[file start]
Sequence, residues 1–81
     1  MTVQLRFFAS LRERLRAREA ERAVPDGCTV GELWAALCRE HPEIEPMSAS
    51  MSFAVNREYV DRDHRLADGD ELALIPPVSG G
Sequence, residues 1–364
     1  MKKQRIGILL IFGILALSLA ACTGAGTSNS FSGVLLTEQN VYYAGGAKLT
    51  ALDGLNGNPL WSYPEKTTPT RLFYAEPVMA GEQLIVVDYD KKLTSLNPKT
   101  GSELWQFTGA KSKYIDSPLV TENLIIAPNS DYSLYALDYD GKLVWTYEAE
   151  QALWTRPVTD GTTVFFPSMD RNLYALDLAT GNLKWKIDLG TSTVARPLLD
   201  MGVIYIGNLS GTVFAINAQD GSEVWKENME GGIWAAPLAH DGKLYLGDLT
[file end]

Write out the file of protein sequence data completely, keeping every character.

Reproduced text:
Sequence, residues 1–81
     1  MTVQLRFFAS LRERLRAREA ERAVPDGCTV GELWAALCRE HPEIEPMSAS
    51  MSFAVNREYV DRDHRLADGD ELALIPPVSG G
Sequence, residues 1–364
     1  MKKQRIGILL IFGILALSLA ACTGAGTSNS FSGVLLTEQN VYYAGGAKLT
    51  ALDGLNGNPL WSYPEKTTPT RLFYAEPVMA GEQLIVVDYD KKLTSLNPKT
   101  GSELWQFTGA KSKYIDSPLV TENLIIAPNS DYSLYALDYD GKLVWTYEAE
   151  QALWTRPVTD GTTVFFPSMD RNLYALDLAT GNLKWKIDLG TSTVARPLLD
   201  MGVIYIGNLS GTVFAINAQD GSEVWKENME GGIWAAPLAH DGKLYLGDLT